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Once again, I need to ask you something from NYC where it is 32F right now.
This time, adverb vs adjective. Let me present two sentences:

A. With a cartoon book,
for hours he sat happily.
B. With a cartoon book,
for hours he sat happy.

Q:
I believe the correct way of saying this is sentence A, with an adverb which modifies the verb "sat".
However, I am hearing sentence B, with an adjective, such in "With an A in English, I am sitting pretty", instead of "I am sitting prettily".

I need a clarification on why using an adjective is acceptable instead of an adverb.

As usual, thanks in advance.

J
Comments  
It seems like that pretty could be adverb, as in "pretty much." Find a dictionary on this.
jazzmasterOnce again, I need to ask you something from NYC where it is 32F right now.
This time, adverb vs adjective. Let me present two sentences:

A. With a cartoon book, for hours he sat happily.
B. With a cartoon book, for hours he sat happy.

Q:
I believe the correct way of saying this is sentence A, with an adverb which modifies the verb "sat".
However, I am hearing sentence B, with an adjective, such in "With an A in English, I am sitting pretty", instead of "I am sitting prettily".

I need a clarification on why using an adjective is acceptable instead of an adverb.

As usual, thanks in advance.

J

It seems like that pretty could be adverb, as in "pretty much." Find a dictionary on this.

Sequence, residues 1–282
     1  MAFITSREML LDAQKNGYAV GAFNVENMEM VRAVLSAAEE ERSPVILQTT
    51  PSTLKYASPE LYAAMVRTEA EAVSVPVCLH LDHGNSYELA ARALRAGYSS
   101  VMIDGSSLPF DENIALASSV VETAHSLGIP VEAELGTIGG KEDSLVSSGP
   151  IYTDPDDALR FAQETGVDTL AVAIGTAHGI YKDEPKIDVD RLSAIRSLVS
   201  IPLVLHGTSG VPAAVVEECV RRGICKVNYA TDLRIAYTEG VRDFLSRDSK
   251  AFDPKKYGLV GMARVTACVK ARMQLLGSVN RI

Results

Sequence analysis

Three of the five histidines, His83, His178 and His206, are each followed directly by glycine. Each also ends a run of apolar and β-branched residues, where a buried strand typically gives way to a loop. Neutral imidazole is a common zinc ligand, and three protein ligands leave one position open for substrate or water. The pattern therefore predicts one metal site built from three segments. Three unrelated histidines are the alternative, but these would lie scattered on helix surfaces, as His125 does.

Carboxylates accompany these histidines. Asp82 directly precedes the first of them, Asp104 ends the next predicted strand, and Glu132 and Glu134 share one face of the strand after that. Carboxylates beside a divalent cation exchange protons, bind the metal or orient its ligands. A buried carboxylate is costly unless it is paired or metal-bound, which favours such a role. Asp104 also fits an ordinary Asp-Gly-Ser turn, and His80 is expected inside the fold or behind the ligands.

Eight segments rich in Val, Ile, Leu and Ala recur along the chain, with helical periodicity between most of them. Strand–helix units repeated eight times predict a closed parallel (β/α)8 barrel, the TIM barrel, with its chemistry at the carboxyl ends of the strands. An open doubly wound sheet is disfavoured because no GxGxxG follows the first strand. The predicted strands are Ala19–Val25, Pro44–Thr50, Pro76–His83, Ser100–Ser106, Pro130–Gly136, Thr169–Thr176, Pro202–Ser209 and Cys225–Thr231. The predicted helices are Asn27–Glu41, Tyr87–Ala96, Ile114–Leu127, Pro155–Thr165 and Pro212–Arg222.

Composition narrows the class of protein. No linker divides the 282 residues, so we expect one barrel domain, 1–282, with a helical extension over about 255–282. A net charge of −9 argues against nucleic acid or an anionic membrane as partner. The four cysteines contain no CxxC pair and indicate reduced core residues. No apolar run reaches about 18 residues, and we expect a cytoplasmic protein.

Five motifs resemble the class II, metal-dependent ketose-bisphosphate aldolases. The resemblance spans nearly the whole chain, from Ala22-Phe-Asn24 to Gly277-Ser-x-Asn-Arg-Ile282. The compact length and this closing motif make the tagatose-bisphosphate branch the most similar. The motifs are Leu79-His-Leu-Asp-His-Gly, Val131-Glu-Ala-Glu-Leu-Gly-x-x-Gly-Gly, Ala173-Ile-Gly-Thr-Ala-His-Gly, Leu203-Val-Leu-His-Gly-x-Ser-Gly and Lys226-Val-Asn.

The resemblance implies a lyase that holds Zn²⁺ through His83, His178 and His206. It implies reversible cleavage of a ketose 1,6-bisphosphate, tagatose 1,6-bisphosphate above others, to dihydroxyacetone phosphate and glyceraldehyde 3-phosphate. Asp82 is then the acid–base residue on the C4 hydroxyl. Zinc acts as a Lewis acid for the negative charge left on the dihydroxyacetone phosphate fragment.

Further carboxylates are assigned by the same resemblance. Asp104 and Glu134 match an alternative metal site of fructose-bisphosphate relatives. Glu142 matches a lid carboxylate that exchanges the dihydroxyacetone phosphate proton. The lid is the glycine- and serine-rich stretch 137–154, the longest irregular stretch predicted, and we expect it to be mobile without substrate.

Of course, in your example, pretty should just mean prettily.
jazzmasterOnce again, I need to ask you something from NYC where it is 32F right now.
This time, adverb vs adjective. Let me present two sentences:

A. With a cartoon book, for hours he sat happily.
B. With a cartoon book, for hours he sat happy.

Q:
I believe the correct way of saying this is sentence A, with an adverb which modifies the verb "sat".
However, I am hearing sentence B, with an adjective, such in "With an A in English, I am sitting pretty", instead of "I am sitting prettily".

I need a clarification on why using an adjective is acceptable instead of an adverb.

As usual, thanks in advance.

J

Students: We have free audio pronunciation exercises.
Thanks, Osee.

So are you saying both sentences A and B are correct?

J
Nope. Happy should not be an adverb. So B is not right.
He sat happily. Not He sat happy.
By the way, your word order is highly inverted. That's not wrong in itself, but you might be interested to know the more usual phrasing.
He sat happily with a cartoon book for hours.
And you might also like to know that the term is "comic book" -- if I understand what sort of book you are talking about.
He sat happily with a comic book for hours.
____
to be sitting pretty is an idiom that means to be well positioned, to have an advantage. It is only used in the progressive tenses, and the same pattern cannot be used with other adjectives.
CJ
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Osee:

I finally understand what you are saying. You got "adverb" and "adjective" mixed up.

While happy is an adjective hence sentence A, happily is an adverb hence sentence B.

I believe you wanted to say "Happy should not be adjective, but should be an adverb 'happily'". Right?

J
OseeNope. Happy should not be an adverb. So B is not right.
Thanks CJ:

to be sitting pretty is an idiom that means to be well positioned, to have an advantage. It is only used in the progressive tenses, and the same pattern cannot be used with other adjectives.

... I didn't know that! Emotion: surprise Are there any other idioms that come with adjectives?

J